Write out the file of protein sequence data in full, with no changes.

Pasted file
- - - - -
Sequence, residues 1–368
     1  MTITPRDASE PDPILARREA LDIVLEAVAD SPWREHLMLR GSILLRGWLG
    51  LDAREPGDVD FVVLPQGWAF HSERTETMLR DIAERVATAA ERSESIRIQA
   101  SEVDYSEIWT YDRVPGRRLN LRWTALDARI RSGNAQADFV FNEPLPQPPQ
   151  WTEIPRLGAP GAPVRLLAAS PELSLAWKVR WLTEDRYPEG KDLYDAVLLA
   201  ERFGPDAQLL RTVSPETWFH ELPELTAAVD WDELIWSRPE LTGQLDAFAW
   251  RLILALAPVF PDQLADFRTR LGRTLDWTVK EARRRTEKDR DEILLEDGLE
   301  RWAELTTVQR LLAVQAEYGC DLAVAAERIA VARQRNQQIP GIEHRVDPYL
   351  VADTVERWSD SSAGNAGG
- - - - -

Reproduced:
Sequence, residues 1–368
     1  MTITPRDASE PDPILARREA LDIVLEAVAD SPWREHLMLR GSILLRGWLG
    51  LDAREPGDVD FVVLPQGWAF HSERTETMLR DIAERVATAA ERSESIRIQA
   101  SEVDYSEIWT YDRVPGRRLN LRWTALDARI RSGNAQADFV FNEPLPQPPQ
   151  WTEIPRLGAP GAPVRLLAAS PELSLAWKVR WLTEDRYPEG KDLYDAVLLA
   201  ERFGPDAQLL RTVSPETWFH ELPELTAAVD WDELIWSRPE LTGQLDAFAW
   251  RLILALAPVF PDQLADFRTR LGRTLDWTVK EARRRTEKDR DEILLEDGLE
   301  RWAELTTVQR LLAVQAEYGC DLAVAAERIA VARQRNQQIP GIEHRVDPYL
   351  VADTVERWSD SSAGNAGG